Michael Martin Murphey

Cowboy Classics: Playing Favorites II

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Cowboy Classics: Playing Favorites II Review

by Ronnie D. Lankford, Jr.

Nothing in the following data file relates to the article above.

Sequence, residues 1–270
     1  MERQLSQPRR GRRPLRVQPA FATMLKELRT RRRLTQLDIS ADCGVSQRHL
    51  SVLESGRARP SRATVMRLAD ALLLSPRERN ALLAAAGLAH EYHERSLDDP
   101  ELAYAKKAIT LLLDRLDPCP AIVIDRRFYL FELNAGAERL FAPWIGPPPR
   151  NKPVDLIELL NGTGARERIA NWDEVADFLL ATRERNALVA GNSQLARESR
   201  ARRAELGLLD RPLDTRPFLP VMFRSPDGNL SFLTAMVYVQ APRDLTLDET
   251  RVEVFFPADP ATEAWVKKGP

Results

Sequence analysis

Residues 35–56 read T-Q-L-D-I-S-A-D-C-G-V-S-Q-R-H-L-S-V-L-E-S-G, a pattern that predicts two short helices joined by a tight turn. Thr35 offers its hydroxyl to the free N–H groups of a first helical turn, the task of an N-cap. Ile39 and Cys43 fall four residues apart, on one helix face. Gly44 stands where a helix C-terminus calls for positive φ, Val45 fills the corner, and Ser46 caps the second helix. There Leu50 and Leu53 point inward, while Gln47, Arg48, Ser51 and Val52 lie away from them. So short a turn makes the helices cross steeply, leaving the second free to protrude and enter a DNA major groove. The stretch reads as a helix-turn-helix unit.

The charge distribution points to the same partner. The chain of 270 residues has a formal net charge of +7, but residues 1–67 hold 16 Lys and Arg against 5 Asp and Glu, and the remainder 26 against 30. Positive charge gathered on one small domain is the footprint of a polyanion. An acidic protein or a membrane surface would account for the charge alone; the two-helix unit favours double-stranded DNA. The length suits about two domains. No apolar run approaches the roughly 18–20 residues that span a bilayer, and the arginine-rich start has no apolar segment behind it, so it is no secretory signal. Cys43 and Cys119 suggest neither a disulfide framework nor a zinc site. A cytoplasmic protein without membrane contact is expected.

In 1990, after 25 years of performing folk and country-rock and a brief fling on the pop charts, Michael Martin Murphey returned to his cowboy pedigree. While such a move might be considered a commercial one designed to capture the "roots" audience following the O Brother, Where Art Thou? craze, at the time he was only helping to revive a niche that seemed to be going the way of the longhorn. Furthermore, Murphey's attraction to the cowboy's way of life had less to do with a romantic whim than an attempt to preserve his own heritage. In 2002, Murphey continued to mine Texas tradition with Cowboy Classics: Playing Favorites II. Anyone with even a passing knowledge of Western music will recognize classics like "I Ride an Old Paint," "Red River Valley," and "Yellow Rose of Texas." There's a stately six-minute version of "Streets of Laredo," adorned with fiddle and piano, and a fine two-stepping take on "Whoopie Ti-Ti-Yo." Like a number of old-time musicians, Murphey includes a short note concerning each of the song's origins. He has no intention, however, of reproducing the music as it might have sounded around the campfire. Full acoustic arrangements of guitars, fiddle, accordion, and bass tastefully adorn Murphey's relaxed vocals. For anyone drawn to music flavored by the open Western landscape, Cowboy Classics: Playing Favorites II more than satisfies the inner cowpoke.

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